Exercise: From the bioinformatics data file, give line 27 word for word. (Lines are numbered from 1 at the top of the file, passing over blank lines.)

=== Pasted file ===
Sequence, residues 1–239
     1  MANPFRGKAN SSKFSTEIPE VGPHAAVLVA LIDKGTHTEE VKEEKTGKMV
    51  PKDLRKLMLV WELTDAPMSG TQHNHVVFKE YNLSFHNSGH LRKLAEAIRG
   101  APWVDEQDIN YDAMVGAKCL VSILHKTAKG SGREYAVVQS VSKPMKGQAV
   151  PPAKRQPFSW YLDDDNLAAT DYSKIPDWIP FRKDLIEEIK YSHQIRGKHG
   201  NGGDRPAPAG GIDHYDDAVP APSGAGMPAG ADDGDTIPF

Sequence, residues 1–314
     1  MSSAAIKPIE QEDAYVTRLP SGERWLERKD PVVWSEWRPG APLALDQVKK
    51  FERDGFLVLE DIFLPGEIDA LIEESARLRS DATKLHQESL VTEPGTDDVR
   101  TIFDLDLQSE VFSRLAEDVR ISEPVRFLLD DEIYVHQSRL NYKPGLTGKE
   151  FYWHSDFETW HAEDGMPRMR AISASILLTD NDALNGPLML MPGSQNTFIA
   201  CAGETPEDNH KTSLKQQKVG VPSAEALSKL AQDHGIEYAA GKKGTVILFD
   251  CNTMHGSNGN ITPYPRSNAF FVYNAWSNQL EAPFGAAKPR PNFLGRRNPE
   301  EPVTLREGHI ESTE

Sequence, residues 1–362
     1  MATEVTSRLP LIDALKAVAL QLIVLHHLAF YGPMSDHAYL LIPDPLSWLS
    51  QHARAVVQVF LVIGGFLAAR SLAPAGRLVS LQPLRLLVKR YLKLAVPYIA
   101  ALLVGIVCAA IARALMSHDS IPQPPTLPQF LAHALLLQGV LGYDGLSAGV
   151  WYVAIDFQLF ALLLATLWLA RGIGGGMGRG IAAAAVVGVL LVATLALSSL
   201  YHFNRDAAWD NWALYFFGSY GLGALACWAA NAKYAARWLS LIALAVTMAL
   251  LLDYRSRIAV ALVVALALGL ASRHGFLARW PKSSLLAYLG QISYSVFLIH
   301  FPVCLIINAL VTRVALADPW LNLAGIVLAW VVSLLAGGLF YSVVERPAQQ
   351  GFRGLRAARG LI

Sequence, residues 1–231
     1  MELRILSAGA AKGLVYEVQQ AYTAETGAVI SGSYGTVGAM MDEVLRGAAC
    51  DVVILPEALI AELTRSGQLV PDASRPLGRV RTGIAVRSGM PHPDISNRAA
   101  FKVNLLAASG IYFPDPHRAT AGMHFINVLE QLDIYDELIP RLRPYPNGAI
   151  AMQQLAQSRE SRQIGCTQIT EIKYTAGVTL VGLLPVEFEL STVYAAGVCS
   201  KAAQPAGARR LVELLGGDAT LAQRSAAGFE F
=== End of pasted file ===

   101  FKVNLLAASG IYFPDPHRAT AGMHFINVLE QLDIYDELIP RLRPYPNGAI